1) Are these accidents of erosion that coincidentally look like faces? Or did some beachgoer dig out rocks in an act of 3D graffiti?… or ….

2) Or — do these suggest creatures escaping from the rock? Or have I been spending too much time in the universe of my new book series, FRAMES?

3) Are these faces cool, or creepy, or c), both of the above?

 

The WP Weekly Photo Challenge topic? Containers

Four Answers, Then Tag, They’re It!

Folks, you are about to witness my first participation in a blog tour, a newfangled invention by which indie writers help spread the word that they exist. Lisa Voisin invited me to join. Lisa has followed an interesting life path and it’s no wonder, perhaps, that she now writes young adult paranormal romance.

The way this blog tour works is that I answer four questions, then tell you about a few writers whose books I have really enjoyed. They will continue this tour by answering the same questions on their own blogs in two weeks.

Q1) What am I working on?

I’ve just started writing the second novel in the FRAMES series, the follow-on to Nica of Los Angeles, a speculative fantasy with detective and dystopian elements. Book 2, Chapter 1: my most recently completed sentence reads “As I returned to the street, the air pulsed in a series of quick blasts, punctuated with the deep screams of grown men.” Maybe we should have a contest and the winner will correctly guess what that sentence will read like by the time this new novel matures into a final draft.

Q2) How does my work differ from others of its genre?

Frankly, I think the author would be the last one to answer this question well.

Q3) Why do I write what I do?

I write what I feel compelled to write. The trick is to sustain that drive through the long haul of finishing a novel. More than once, over the years, I have fought the temptation to freshen my characters mid-book, by sending in a bus to run over the first bunch. Fortunately, I am having a great time writing Nica, and her second book looks to be more fun than the first.

Q4) How does my writing process work?

My subconscious has all the best ideas, but its contributions are scattershot and unpredictable. It’s my conscious writer that keeps plugging away, day after day, to draw the inspirations up to the surface and the page. Screen. Keyboard. Touchscreen.

I write first drafts on my iPad, and love sitting on a summer patio in the dark, illuminated only by my device. However, for editing and formatting, I have to return to my laptop, with its full-service software.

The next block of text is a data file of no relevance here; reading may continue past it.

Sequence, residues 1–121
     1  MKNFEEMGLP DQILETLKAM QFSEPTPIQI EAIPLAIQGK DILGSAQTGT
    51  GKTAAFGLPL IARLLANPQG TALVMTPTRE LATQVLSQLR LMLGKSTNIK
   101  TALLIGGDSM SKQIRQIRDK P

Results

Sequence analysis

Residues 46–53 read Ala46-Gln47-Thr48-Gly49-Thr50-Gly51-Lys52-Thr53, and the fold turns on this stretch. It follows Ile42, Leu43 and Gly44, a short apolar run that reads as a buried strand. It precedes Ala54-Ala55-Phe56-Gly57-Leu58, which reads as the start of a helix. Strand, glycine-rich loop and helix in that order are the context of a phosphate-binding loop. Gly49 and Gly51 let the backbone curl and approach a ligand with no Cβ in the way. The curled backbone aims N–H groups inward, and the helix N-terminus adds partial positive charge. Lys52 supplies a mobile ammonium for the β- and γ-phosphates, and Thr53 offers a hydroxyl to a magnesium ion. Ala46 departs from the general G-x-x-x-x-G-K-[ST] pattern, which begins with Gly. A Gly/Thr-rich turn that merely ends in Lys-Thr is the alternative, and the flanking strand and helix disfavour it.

And now I’d like to introduce…

One benefit of being an indie writer is getting to e-meet other indie writers, all over the globe.

Hock Tjoa has this to say about himself:  “Hock is a retired teacher and banker and writes as part of his mission to make more widely known traditional Chinese values, but he makes digressions. He lives in northern California.” I read a play that Hock wrote, based on a Chinese folklore detective, and much enjoyed the dry wit and cleverness of the piece.

Louise White has had nearly as many career paths as I’ve had (!) and has covered both ends of the service spectrum, as a waitress and then a cop. She lives in Scotland and writes a young adult series about a kickass teenage girl who fights demons in a world that is … almost… just like ours. I love how normal and teenage her heroine is, in the midst of all the fantasy.

Tennesseean (?) Fran Veal also writes YA. She mingles teen drama with crime and just a touch of the paranormal. I am one chapter away from completing my first novel by her and it was painful to set it aside so that I could meet various deadlines like posting my blog tour entry on time. But hey, I’m a grown-up, right?

I sense some sniggering, somewhere. Grown-up? Reading a bunch of Young Adult books? And how! It’s one of my favorite genres! Let me know if you want some more YA recommends!

 

 

A Vertical Tide Pool

Let’s face it, erosion is inevitable. In the pictures below, what you will see was once a sea wall, that is, a futile attempt to keep sand where we humans think it should stay. The ocean moved the sand, as it always does; and the ocean removed pieces of the wall, one chemically weathered molecule at a time. The result is a relic that charges my imagination every time I visit its beach, in Santa Barbara, California.

2013-11-03 15.17.12

This former seawall now evokes a line of creatures.

 

2013-11-03 15.17.31

The creatures have tide pools growing up their sides!

 

2013-11-03 15.17.21

I’m guessing that the tidepool growth protects the remaining wall from more erosion.

 

2013-11-03 15.18.18

Detail of a creature’s “leg”.

 

2013-11-03 15.19.45

At the feet, anemones are open for business.

 

2013-11-03 15.18.42

The dense organization of shells makes complex designs in the creature’s hide!

 

The original image.

Sunset instills its own magic on the scene.

The WP Weekly Photo Challenge topic was “Relic”.